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Book Review: "Birds Without Wings" by Louis de Bernieres

5/5 - Beautiful, incredible, moving and emotional...

By Annie KapurPublished about a year ago 5 min read

Someone on Reddit said that I should read this when I asked quite an open-ended question (which received way more replies than I thought it would). I've read Louis de Bernieres before in the form of Captain Corelli's Mandolin and yet, I never watched the movie because according to a lot of people who did it ruined the book for them and did not do the book justice at all. I enjoyed the book when I read it and so, as I continue with my journey into this author, I have to thank the person on Reddit that suggested I read Birds Without Wings by Louis de Bernieres.

The book starts really strangely because there are many characters that we need to get to know before anything much happens. For example: there is Philothei who is the most beautiful girl in the whole place and according to the book, there was a huge celebration when she was born. There is the elusive Ibrahim who goes mad for reasons that are made clearer in the book by various and harrowing descriptions. Drosoula is Philothei's best friend who describes herself in her writing when she is in old age as the most hideous woman ever. She constantly compares herself to Philothei, almost resentful that nobody celebrated her birth though she and Philothei were born on the same day. Then there is Mustafa, a boy who talks back, revolutionises thought and stands up when everyone else is sitting down. That guy is a bad ass.

When it comes to the Battle of Gallipoli, de Bernieres is able to capture the madness and revolution so well, it reads almost like poetry. Through battle cries and philosophies of life and death, de Bernieres makes sure that we understand that this war will impact every single person, no matter who they are or what they look like or what kind of family they come from - everyone will be changed by it. I loved the enchanting descriptions of place and atmosphere, the intense descriptions of madness and the war, the beauty and fate of each of the characters - it has to be one of the most beautiful novels I have read in a long time and I'm not overstating that. Just take a look at this from early on in the novel. It's a quotation I kept coming back to because it is so profound and yet, entirely simple. The beating heart of identity pulls through Drosoula's speech and chapters where she writes her woes. I freaking loved it because it hit me in all kinds of ways. Have a look:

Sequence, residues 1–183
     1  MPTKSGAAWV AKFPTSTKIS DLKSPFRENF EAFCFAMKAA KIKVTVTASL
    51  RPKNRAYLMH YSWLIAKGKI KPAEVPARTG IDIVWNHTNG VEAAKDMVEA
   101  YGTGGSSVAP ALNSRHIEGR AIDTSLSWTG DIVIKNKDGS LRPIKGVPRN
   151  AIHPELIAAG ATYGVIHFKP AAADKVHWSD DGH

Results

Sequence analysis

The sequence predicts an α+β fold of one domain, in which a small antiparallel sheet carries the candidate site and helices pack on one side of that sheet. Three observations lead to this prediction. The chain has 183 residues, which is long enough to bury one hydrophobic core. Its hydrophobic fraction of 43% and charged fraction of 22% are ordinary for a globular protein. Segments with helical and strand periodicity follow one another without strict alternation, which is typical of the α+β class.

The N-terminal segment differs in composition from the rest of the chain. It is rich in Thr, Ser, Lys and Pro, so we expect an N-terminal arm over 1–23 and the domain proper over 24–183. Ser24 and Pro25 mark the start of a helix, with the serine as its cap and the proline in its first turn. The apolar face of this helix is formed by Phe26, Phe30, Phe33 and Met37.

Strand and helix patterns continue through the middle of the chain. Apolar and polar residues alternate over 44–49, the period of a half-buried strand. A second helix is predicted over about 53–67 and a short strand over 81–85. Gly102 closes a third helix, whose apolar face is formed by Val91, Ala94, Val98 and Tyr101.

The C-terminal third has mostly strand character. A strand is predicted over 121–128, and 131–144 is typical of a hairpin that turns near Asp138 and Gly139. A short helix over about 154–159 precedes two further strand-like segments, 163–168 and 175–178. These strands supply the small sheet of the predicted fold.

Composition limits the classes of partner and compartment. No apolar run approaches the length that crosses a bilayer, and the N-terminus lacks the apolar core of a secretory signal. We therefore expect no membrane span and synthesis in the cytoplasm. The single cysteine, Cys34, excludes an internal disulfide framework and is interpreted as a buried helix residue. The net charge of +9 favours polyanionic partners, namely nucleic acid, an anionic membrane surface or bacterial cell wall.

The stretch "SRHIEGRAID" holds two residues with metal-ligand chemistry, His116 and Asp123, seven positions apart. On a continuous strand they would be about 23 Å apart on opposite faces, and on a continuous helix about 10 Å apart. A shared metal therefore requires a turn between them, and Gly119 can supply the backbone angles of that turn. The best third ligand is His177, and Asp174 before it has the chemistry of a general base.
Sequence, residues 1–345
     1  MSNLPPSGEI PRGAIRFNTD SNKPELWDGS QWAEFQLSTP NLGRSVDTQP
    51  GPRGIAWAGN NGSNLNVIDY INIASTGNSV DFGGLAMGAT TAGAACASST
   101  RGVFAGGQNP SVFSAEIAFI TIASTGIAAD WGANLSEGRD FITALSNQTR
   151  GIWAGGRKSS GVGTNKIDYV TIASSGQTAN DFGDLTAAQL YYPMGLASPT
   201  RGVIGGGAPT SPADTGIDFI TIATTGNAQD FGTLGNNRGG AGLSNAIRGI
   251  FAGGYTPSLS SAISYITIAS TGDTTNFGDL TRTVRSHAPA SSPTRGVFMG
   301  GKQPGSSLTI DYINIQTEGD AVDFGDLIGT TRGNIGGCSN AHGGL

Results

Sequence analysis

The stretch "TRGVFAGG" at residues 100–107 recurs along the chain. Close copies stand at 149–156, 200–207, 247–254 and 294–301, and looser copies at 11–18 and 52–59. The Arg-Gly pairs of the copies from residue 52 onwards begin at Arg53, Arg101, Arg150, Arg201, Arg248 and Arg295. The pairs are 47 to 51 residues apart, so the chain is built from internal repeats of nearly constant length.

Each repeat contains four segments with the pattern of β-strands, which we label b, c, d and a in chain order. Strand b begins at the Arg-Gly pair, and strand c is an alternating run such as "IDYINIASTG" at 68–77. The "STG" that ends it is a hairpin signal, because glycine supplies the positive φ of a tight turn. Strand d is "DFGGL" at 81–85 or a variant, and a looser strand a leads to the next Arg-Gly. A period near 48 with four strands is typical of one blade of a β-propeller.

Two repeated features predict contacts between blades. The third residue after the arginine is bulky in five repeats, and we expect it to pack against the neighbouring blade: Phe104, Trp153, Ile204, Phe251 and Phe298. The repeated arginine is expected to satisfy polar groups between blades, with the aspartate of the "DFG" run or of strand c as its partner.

I am just an old woman in exile, I have no education, I am ugliness personified, but if I could break open my ribs with my bare hands, I wuold show you that I have a heart grown huge with love, and grief and memory.

Another quotation on a totally different subject from this book is where we meet the 'Dog from Hell' as it were called. I don't want to say too much about it, but the writing style is so different to the tone de Bernieres uses for the other characters. It is instead, tinged with a blackness that you would expect from a folk horror novel instead of this epic war story of revolution and progression:

People notices that the Dog's feet were cut and bloody, as if he had walked for days, unconscious of his pain or the danger of infection. They noticed that there was something untamed and prophetic in his demeanour...Lovers of wonders looked forward to miracles, and traders and artisans clapped their hands together at the thought of the custom of pilgrims...

When Mustafa goes in for military training as well, I was wide-eyed with anticipation of great lengthy descriptions about what was going on in his head at the time and I was not disappointed. Ashamed of his poor French, Mustafa showcases what is probably his first real vulnerability before going off to war.

One of my favourite chapters is 'On Reading and Writing' in which the characters (I won't say exactly who) talk about who is better at reading and writing and who has the better resources for it (schools, teachers etc). The chapter ending with a pronunciation just goes to show how important language is to these people - it is not only a part of their identity but it is also a part of their connections with others. They connect to others, to anyone else, no matter what background they come from, using language and learning language. It's really quite beautiful.

I also love the 'I am Philothei' parts in which she inches closer and closer to finding a calling of some kind. She talks about how she's growing up, how she's understanding the world and how this revolution, this war, is impacting her in new ways. I love these parts of the books because she has such an incredible tone and you get to see it progress as she grows up and experiences new things.

But the part that possibly ached the most for me is the chapter on Ibrahim later on in the book where he says the following (spoilers deleted):

My face filled up with blood and my ears started to burn, and the misery came into my heart like a heated knife, and this is why I didn't marry Philothei the moment I came home after the war...

The following reasons he gives is pretty unreal but I won't tell them to you here because it'll spoil some of the book for you. It comes pretty much full circle and honestly, if I ever read something this heartbreaking again, you will know about it in the full length of review you have been provided with right here.

Good grief, that was one beautiful book.

I apologise for going on forever, but you would as well if you read this incredible book. It's made me really want to read way more de Bernieres than I ever have.


About the Creator

Annie Kapur

Film and Writing (M.A)

150K+ Reads on Vocal

IG: @AnnieApproximately

Pronouns: (she/her/hers)

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